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Jared Bowen, GBH
Jared Bowen, GBH
As statues of Generals Robert E. Lee and Stonewall Jackson were taken down in Charlottesville, Virginia this weekend, special correspondent Jared Bowen of GBH Boston explored an exhibit by Sonya Clark in Lincoln, Massachusetts at the deCordova Sculpture Park and Museum, which features a look at the making of, and meaning behind, the Confederate flag.
As statues of Generals Robert E. Lee and Stonewall Jackson were taken down in Charlottesville, Virginia, this weekend, communities around the country continue to grapple with reminders of Confederate culture.
An exhibit in Lincoln, Massachusetts, at the deCordova Sculpture Park and Museum features a look at the making of and meaning behind the Confederate Flag.
Special correspondent Jared Bowen of GBH Boston explored the exhibit of Sonya Clark, the 2020 winner of the museum's prestigious Rappaport Prize, as part of our Race Matters and arts and culture series, Canvas.
Unfurled as a monumental sea of off-white filling much of this gallery space is a Confederate Flag of truce, or, as the title of this exhibition explains, the flag we should know.
I want everyone to know what this flag is, so we can conceive of what truce really means.
History has largely forgotten this simple white flag, actually a towel, used by Confederate troops to signal a truce during General Robert E. Lee's surrender in 1865.
The original is now housed at the Smithsonian's National Museum of American History. That's where artist and Amherst College professor of art Sonya Clark discovered it during a visit in 2010.
And I have to tell you, I was like, how come I have never seen this thing before? And that question is why there is the show that you're in right now.
Haunting this show is a flag that's not seen here, the Confederate Battle Flag, that, unlike the truce flag, survived to become a ubiquitous emblem in this country.
As Clark documents, it adorns all manner of merchandise, from baby onesies to nipple pasties.
My thought was, what would this nation be like if that was the image of the Civil War that had endured, that something was surrendered?
But, instead, we have the Confederate Battle Flag in our consciousness, yes.
When Clark and a curatorial team assembled this show in Philadelphia two years ago, they sought out red paint to pop in the exhibition's otherwise neutral palette.
Because the Confederate flag of truce has these three minimal red stripes on it, I said, well that's the color we will use.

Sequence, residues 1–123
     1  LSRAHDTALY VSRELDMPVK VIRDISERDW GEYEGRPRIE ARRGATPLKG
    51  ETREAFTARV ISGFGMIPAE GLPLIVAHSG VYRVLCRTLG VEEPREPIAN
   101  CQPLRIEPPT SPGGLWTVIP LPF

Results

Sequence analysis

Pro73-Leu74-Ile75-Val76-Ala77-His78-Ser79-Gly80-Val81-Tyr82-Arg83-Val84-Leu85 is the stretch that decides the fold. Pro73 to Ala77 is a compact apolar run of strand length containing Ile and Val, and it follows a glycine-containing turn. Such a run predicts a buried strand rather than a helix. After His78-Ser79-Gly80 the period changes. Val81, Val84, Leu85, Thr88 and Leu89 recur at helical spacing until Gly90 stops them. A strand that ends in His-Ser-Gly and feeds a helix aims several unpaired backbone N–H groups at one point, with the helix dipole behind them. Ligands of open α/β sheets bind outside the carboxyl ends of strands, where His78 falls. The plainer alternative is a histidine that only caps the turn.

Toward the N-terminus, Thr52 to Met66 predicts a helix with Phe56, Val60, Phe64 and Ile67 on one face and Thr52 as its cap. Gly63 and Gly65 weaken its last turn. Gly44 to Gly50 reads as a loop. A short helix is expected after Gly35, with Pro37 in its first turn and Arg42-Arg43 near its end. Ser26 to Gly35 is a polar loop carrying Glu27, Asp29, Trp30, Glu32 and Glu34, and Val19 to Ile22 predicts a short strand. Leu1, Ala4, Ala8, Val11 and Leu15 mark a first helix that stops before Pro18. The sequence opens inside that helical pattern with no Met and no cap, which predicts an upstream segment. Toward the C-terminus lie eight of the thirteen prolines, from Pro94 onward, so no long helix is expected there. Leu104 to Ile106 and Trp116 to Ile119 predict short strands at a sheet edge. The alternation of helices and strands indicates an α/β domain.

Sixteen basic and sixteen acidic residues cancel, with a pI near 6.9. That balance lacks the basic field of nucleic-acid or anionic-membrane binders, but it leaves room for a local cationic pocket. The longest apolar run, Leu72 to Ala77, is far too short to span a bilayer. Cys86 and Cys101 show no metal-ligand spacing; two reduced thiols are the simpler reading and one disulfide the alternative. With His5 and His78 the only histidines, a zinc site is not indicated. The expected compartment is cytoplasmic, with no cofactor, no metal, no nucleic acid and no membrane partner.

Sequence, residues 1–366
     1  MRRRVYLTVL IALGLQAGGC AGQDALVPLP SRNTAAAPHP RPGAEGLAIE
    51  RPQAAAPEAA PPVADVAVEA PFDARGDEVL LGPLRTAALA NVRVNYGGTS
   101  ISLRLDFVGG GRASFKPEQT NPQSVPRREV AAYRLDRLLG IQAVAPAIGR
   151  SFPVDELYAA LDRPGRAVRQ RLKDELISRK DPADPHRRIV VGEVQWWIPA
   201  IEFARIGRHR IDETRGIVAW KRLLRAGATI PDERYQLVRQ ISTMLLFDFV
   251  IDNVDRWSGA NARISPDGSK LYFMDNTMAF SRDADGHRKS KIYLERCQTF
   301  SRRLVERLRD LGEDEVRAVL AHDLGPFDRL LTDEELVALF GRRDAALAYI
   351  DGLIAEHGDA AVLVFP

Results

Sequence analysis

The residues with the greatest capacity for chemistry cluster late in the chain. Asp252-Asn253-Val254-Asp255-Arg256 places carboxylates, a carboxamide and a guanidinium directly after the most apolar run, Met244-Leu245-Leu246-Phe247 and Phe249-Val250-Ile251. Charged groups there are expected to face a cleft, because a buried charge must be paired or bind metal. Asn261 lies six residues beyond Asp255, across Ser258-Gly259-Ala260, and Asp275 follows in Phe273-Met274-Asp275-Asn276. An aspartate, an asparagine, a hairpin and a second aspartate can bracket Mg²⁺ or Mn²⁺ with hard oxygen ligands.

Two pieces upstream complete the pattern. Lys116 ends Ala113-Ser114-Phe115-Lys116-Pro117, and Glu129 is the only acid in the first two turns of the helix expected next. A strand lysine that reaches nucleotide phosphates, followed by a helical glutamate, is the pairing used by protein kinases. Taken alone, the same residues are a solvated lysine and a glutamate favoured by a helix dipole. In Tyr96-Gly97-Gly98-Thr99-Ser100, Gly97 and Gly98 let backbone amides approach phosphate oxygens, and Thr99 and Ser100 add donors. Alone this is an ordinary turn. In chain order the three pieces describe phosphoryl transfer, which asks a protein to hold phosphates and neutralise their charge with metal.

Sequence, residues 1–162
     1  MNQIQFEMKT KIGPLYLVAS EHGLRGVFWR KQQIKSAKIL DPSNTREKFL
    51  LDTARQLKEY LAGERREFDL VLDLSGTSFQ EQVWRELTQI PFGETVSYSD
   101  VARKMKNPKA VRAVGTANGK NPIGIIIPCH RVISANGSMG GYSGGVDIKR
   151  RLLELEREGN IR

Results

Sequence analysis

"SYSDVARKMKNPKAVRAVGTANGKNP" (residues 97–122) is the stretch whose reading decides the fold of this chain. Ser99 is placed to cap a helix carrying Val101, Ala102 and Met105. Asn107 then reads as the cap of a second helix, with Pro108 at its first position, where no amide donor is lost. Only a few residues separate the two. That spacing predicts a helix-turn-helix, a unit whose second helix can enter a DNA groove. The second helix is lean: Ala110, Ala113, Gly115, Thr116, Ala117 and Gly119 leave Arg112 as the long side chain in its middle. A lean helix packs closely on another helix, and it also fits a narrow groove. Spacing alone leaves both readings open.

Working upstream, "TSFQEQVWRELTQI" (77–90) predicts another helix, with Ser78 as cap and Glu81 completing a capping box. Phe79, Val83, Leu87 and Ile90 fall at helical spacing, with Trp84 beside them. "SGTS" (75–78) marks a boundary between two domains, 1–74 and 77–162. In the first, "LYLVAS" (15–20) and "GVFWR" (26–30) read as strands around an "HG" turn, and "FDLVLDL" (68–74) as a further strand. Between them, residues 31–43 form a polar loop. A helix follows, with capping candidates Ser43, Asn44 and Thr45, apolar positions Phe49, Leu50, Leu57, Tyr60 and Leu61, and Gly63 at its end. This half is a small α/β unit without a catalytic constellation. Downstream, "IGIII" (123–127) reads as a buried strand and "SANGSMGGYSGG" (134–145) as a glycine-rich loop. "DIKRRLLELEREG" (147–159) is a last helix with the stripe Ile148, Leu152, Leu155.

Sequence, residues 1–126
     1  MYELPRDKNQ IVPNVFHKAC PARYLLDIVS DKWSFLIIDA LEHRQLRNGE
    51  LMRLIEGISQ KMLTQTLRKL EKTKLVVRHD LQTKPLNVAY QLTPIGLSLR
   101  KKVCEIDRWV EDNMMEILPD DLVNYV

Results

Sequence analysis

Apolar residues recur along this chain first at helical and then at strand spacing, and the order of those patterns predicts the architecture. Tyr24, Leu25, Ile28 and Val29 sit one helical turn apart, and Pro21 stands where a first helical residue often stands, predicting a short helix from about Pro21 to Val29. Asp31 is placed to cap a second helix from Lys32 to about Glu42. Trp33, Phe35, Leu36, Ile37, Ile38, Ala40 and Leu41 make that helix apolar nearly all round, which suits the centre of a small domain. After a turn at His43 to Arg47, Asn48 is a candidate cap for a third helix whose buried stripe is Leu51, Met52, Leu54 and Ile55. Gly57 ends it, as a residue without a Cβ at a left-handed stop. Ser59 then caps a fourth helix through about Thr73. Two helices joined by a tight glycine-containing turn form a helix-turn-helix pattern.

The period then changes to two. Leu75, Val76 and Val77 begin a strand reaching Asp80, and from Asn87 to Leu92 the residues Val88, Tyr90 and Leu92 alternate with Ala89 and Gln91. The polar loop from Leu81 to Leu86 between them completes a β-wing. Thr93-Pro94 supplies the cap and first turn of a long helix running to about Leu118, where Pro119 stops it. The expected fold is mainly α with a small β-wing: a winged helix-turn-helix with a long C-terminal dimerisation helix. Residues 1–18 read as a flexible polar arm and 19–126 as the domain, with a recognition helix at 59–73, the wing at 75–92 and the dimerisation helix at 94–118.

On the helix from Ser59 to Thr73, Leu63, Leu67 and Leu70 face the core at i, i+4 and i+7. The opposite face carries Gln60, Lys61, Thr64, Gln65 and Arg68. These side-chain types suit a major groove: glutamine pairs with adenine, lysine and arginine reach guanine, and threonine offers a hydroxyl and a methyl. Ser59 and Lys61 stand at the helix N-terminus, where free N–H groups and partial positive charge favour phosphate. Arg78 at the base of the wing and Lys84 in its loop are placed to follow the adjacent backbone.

The Benjamin Moore sample they inadvertently selected?
Was Confederate red. That paint chip color, Confederate red, lived in between two other paint chip colors. One was called raspberry truffle, and the other was called cherry wine.
In between these two confections is a color that is about insurrection, about enemies of the states, about people who wanted to keep Black and brown people enslaved.
Clark has interrogated the legacy of the Confederate Battle Flag both intellectually and physically. In her piece Reversals, she used a dishcloth featuring the Confederate Flag to remove dust covering a section of the Declaration of Independence preamble.
And, in Unraveling, she collaborated with audience members to literally deconstruct the flag thread by thread, a metaphor for the glacial pace of dismantling racism.
Sam Adams, Fellow, deCordova Sculpture Park and Museum: I think, when people see the Confederate Battle Flag being paraded through the U.S. Capitol, Sonya's work offers some tools to process, what does that incredibly complicated image mean for us?
The deCordova's Sam Adams oversaw both this installation and the companion show, Heavenly Bound. In Constellation, Clark delivers us into a night sky, honoring the guidance it provided enslaved people escaping to freedom on the Underground Railroad.
We're thinking about people whose stories were incredible. They're full of bravery and they're inspiring and deeply important to the foundation of the country, but they're not recorded.
However, their history may live in the artist's hair. Here, Clark offers a white sky dotted with Black stars created from her own head.
If you pluck a hair, in that hair is this genetic code for all the people who have come before you. So, your hair is both singular, like it's the hair that I grow, but it's also absolutely collective.
Clark is mindful of the we throughout her work. She wants museums patrons to become pollinators, taking her ideas with them as they leave, but not before participating.
All the way to the other side. Just give it a nice push through.
Visitors here are invited to help make truce flags on looms in the gallery.
And then you will send it through again. Take it out. Let your foot off the lever. Bring the beater down. Pull it tight, back up, and then the next pedal.
It's important that we all participate in this collective work of healing of racial and social justice.
And how does weaving do that?
So we do that on a symbolic level by every single visitor who participates will contribute to a collective truce flag.
With some deft pedal work, precise shuttling and maneuvering, the visitor weaves their own self into the show, imperfections and all.
Are you mindful that people will leave their interaction with your work or leave a museum exhibition different?
Maybe they leave with a question, which actually is more powerful, I think, than an answer, because a question is an invitation to keep thinking. That's actually how the artwork grows and lives beyond me.
For the "PBS NewsHour, " I'm Jared Bowen in Lincoln, Massachusetts.
Such an important piece of history. So glad we're able to share that.
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